“Shasi, vis hila,” I said, throwing my hand up to catch hers. She’d been about to tap me on the shoulder to wake me up. “What do you totev dou to tolal? Dov litev dou seddeka evel naland vei.

  I opened my eyes, grinning. I expected to see her frustrated, maybe make fun of her a bit before we got back to class, but all I got was confusion. In my sleep-deprived state, it took me a few seconds to realize I’d dropped the ball on English again.

  “My turn, I guess,” she said slowly. “I have no idea what you just said.” Sara’s worried expression from the morning crept back into place, like an annoying pest that just wouldn’t leave us alone.

  Not that I think Sara’s annoying. That was poorly worded. I just really wasn’t doing well in general.

  “Oh, uhh…” I scrambled around for a moment, picking the first thing I could come up with that sounded halfway believable. “It’s a fake language I made up.”

  “Huh,” Sara replied, clearly unconvinced. I flinched. My best friend was not having it. I really, really didn’t want to lie to her.

  Matt would understand. I hoped.

  I sighed, mostly to myself, and took a deep breath. “Okay, Sara. Look. Something did happen. I can’t tell you what. Not yet.”

  Sara raised an eyebrow, as the final bell rang and students started to filter in. She glanced toward the classroom door. I could tell we both had the same thought. The other two members of our little group in this class would arrive soon. I liked them both plenty, but Sara was my best friend all the way back to when we were four. That sort of friend, you know? The only person I could even consider telling my story to.

  “I assume you’ve got a good reason?” she asked quietly, edging closer so we wouldn’t be overheard.

  “I promise I’ll tell you. I just can’t yet.”

  “Are you okay, though?”

  “Yeah,” I replied. I took a few seconds before I spoke again. I had to compose exactly what I wanted to say in English, make sure I got everything across. “Honestly, I’m fine. Not dying or anything, and I’m not in any trouble. But my head’s gonna be in a weird place for a while. I’m having trouble remembering a lot of things. I’m sorry to dump all this on you, but I’m going to need a lot of help for a bit, and you’re the only one I can really trust.”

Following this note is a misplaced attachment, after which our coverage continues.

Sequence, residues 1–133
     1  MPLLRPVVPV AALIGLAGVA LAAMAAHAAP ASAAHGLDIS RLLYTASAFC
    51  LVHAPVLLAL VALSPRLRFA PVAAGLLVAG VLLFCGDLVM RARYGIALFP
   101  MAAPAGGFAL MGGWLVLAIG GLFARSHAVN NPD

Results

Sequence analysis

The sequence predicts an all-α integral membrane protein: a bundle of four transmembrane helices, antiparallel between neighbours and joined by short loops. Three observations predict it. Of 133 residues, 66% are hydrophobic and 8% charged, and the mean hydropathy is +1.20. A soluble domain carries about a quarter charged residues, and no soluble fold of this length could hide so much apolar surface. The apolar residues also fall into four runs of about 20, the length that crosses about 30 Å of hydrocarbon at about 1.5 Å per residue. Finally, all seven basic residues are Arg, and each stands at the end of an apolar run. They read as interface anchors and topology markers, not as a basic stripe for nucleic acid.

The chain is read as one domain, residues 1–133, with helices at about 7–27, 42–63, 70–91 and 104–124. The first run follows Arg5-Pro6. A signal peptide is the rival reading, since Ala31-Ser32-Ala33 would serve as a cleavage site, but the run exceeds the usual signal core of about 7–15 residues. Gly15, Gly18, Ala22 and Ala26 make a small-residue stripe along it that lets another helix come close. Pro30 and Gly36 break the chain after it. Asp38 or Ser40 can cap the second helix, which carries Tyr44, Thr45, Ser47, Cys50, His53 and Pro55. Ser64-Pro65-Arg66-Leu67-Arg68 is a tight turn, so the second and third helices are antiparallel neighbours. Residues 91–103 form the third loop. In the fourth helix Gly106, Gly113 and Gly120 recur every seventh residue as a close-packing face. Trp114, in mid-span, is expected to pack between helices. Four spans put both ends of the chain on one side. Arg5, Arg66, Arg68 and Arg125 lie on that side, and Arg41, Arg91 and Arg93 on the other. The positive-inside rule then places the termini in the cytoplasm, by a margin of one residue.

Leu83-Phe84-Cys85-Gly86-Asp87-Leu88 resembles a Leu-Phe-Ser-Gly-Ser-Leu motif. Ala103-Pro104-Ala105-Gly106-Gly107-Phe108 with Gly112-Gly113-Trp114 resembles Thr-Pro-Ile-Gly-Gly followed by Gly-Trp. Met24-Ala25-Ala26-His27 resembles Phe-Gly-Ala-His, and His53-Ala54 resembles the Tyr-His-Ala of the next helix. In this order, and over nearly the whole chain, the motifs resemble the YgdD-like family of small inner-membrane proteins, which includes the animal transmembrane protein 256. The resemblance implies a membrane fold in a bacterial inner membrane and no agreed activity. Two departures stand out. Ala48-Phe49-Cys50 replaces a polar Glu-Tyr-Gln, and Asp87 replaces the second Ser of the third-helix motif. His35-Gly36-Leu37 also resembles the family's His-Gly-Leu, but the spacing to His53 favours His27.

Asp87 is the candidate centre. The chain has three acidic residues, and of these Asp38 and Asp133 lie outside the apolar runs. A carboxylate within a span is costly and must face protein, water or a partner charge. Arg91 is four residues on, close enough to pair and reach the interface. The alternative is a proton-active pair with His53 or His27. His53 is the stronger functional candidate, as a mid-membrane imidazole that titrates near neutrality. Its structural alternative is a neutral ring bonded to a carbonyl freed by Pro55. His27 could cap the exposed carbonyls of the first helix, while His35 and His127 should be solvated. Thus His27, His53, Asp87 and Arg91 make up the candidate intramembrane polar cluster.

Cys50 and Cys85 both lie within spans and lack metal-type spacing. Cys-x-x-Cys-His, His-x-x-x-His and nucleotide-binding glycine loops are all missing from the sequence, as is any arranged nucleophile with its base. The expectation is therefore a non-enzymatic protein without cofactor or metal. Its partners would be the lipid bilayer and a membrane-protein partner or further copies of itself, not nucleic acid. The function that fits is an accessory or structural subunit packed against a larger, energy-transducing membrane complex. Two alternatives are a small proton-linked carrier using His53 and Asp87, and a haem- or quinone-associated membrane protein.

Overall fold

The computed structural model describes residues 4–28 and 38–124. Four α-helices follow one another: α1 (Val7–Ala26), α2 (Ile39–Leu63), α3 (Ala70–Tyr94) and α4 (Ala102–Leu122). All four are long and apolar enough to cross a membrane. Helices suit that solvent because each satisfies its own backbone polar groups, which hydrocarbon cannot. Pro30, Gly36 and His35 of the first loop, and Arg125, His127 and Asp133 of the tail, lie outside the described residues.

I waited, impatiently, as she appeared to consider my words. Her face was an unreadable mask. I was never that great at reading other people, I was just good at hiding my own emotions. Finally, she spoke up again.

  “Okay.” She nodded. “I believe you. But I do want that explanation.”

  “I promised, didn’t I?”

  “Still waiting on that pony you promised,” she added, with a forced giggle. It worked, though, despite being an ancient joke that neither of us even thought was funny at the time. I started to laugh too, and soon we were both doubled over even as Kersey and Mirai showed up, eager to hear a joke neither of us could explain.

  But finally, things were starting to feel normal again. We settled into class, and broke into groups, and everything was going okay. Kersey and Mirai were still calling me Jenny, though.

  I’d have to fix that.

  It wasn’t long before I started feeling it again. Discomfort, and the inklings of adrenaline pumping into my system. I felt like I was getting overwhelmed by something I couldn’t actually see. There were too many unfamiliar faces in the room. They shouldn’t have been unfamiliar. Seven years ago I would have known the name and face of every single person here. Today… they may as well be complete strangers.

  This time though, I had an out.

  I poked Sara. “Hey. Let’s go out for a walk?”


  Two minutes later, we were wandering the grounds behind the school, supposedly to go interview a staff member with a free period right now—but really just to get outside for a while. Press passes, aren’t they the best?

  Even better, I didn’t have to explain it to Sara. This was totally normal. We used this excuse to head out all the time. We were talking about nothing in particular, joking and laughing like usual. Luckily, the rain I’d expected had already rolled right on by. Patches of sunlight swam across the well-kept rain-soaked lawn, growing larger as the clouds were swept away. A few birds were swirling above the trees at the end of the field. It looked like it might be a beautiful day after all.

  I was so busy watching the sky as we walked that as we rounded the corner behind the portable classrooms, I almost missed Carl, sitting in the shadows with his face in his hands.



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  • Professional Technological Thaumaturge

Bio: Sysadmin, IT girl, wordsmith, TV obsessive, pretzel addict.
Many keyboards have perished in my pursuit of good stories.